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Bay Area monarch butterfly population shows rebound

Millions of monarch butterflies arrive each year in Mexico after travelling, in some cases, thousands of miles from the United States and Canada.
Millions of monarch butterflies arrive each year in Mexico after travelling, in some cases, thousands of miles from the United States and Canada.

Migrating western monarch butterflies used to be found in the millions on the coast of California. In the last two years, their population plummeted to just 2000. This raised fears that California’s monarchs might be unable to recover.

But early signs say they’re rebounding.

While the numbers are still small in comparison to past years, so far, about 10,000 hibernating monarch butterflies have been counted on the coast this fall. That is five times more than the count at Thanksgiving last year, with more on the way.

An article in the journal, "Insects", suggests that may be due to a change in the butterflies’ behavior last winter.

Though they typically breed on the coast, during last winter’s heat wave, monarchs mated and laid eggs inland, in the South Bay. They came to gardens at Mountain View’s Google campus and Palo Alto neighborhoods. This could suggest that butterflies can change as environmental conditions change.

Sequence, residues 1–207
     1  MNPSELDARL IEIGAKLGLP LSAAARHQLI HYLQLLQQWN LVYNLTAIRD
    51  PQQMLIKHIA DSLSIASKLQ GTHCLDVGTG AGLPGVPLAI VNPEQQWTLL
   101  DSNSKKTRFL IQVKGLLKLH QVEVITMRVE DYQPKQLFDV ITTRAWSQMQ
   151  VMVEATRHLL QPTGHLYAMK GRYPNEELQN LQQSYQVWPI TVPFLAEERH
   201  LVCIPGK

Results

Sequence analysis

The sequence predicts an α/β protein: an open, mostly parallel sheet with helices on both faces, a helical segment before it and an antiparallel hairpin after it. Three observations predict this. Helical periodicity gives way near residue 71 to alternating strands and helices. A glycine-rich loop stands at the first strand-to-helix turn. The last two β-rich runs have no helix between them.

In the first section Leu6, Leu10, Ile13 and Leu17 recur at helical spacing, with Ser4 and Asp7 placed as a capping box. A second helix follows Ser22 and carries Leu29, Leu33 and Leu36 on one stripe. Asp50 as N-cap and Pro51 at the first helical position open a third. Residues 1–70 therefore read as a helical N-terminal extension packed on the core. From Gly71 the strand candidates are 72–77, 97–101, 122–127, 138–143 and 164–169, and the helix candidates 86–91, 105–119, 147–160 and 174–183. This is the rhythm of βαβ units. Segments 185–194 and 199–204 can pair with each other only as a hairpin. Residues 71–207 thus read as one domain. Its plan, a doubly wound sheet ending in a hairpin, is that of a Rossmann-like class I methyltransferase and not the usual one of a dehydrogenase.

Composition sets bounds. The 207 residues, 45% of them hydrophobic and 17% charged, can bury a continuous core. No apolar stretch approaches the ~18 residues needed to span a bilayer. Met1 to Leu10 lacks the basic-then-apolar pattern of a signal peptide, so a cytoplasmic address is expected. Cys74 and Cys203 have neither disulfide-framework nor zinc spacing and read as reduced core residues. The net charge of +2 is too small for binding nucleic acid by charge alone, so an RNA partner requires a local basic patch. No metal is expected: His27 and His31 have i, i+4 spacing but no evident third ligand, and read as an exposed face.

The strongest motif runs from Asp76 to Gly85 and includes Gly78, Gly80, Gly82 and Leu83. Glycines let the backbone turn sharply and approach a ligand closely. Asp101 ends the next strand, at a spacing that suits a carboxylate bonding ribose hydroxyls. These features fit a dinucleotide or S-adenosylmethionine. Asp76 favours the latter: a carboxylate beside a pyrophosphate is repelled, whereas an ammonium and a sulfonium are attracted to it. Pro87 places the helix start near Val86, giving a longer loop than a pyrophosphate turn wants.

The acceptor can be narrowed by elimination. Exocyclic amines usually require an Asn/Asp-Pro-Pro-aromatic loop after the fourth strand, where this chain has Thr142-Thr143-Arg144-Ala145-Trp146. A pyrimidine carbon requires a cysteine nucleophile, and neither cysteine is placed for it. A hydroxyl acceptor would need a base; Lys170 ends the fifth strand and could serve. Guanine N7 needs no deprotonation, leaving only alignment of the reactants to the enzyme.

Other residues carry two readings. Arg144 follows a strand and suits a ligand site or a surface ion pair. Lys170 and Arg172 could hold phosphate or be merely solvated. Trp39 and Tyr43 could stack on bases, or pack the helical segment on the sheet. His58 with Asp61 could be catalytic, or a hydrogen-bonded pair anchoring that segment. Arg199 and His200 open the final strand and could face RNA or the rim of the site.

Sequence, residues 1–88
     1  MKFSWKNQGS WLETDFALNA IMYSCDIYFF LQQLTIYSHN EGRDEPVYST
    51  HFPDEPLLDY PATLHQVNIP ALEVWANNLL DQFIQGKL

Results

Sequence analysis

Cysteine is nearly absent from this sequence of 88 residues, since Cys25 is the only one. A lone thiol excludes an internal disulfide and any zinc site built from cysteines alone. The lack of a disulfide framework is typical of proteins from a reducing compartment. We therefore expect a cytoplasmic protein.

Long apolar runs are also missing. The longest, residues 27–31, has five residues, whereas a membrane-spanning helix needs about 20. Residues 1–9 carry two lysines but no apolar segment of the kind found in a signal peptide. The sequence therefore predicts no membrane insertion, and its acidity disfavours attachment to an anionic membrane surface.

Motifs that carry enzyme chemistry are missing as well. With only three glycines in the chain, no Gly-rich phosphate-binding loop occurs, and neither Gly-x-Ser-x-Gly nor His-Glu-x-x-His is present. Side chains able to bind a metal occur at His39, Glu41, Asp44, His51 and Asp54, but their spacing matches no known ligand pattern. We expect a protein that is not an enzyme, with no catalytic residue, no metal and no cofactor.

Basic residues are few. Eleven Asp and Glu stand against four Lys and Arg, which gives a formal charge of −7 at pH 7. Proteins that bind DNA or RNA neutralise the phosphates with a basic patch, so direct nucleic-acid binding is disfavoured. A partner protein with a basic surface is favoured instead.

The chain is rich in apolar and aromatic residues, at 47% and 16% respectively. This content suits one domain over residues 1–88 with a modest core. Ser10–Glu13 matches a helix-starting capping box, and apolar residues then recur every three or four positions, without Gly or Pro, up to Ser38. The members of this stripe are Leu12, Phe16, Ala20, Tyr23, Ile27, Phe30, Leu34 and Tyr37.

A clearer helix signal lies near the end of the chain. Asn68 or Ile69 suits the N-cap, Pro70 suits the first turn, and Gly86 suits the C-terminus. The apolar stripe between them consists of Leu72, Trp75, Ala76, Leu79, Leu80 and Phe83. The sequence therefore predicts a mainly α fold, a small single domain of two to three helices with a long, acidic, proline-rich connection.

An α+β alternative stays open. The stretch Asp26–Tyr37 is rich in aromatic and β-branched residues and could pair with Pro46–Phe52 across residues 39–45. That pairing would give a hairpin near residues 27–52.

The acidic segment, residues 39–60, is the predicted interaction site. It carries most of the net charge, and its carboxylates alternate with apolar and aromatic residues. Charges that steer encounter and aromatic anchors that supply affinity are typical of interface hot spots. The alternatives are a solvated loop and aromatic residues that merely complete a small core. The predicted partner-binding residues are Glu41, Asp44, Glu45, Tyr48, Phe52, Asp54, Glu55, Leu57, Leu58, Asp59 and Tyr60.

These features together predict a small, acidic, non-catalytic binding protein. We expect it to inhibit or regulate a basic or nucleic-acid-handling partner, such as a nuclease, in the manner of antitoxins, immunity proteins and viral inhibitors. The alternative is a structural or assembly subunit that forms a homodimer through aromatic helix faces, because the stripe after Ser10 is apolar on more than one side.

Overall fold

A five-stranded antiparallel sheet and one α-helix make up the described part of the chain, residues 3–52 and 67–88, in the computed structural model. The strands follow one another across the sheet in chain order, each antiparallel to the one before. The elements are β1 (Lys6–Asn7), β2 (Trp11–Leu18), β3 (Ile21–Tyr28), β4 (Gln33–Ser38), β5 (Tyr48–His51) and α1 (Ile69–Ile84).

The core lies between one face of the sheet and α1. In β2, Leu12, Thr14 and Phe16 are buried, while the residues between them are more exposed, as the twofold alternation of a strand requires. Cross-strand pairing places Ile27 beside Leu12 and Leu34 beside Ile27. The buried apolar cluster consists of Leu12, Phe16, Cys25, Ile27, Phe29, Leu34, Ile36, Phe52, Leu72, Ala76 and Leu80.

According to the non-profit Western Monarch Advocates, urban gardens and residential areas could be critical. For example, Google started an ecology program in 2014, planting milkweeds and other nectar plants, according to its program manager. The company plans to conduct its own monarch monitoring effort in 2022 to assess the abundance and distribution of monarchs on its campus and understand how they are using the urban habitat.

An entomologist from Washington State University is leading a research project about the Bay Area monarchs. Even though we aren’t having a heatwave like last year, the team is already seeing new eggs this fall, suggesting last year’s rebound wasn’t a one-off, and that this could be the beginning of a new pattern of winter monarch breeding in urban parts of the Bay Area.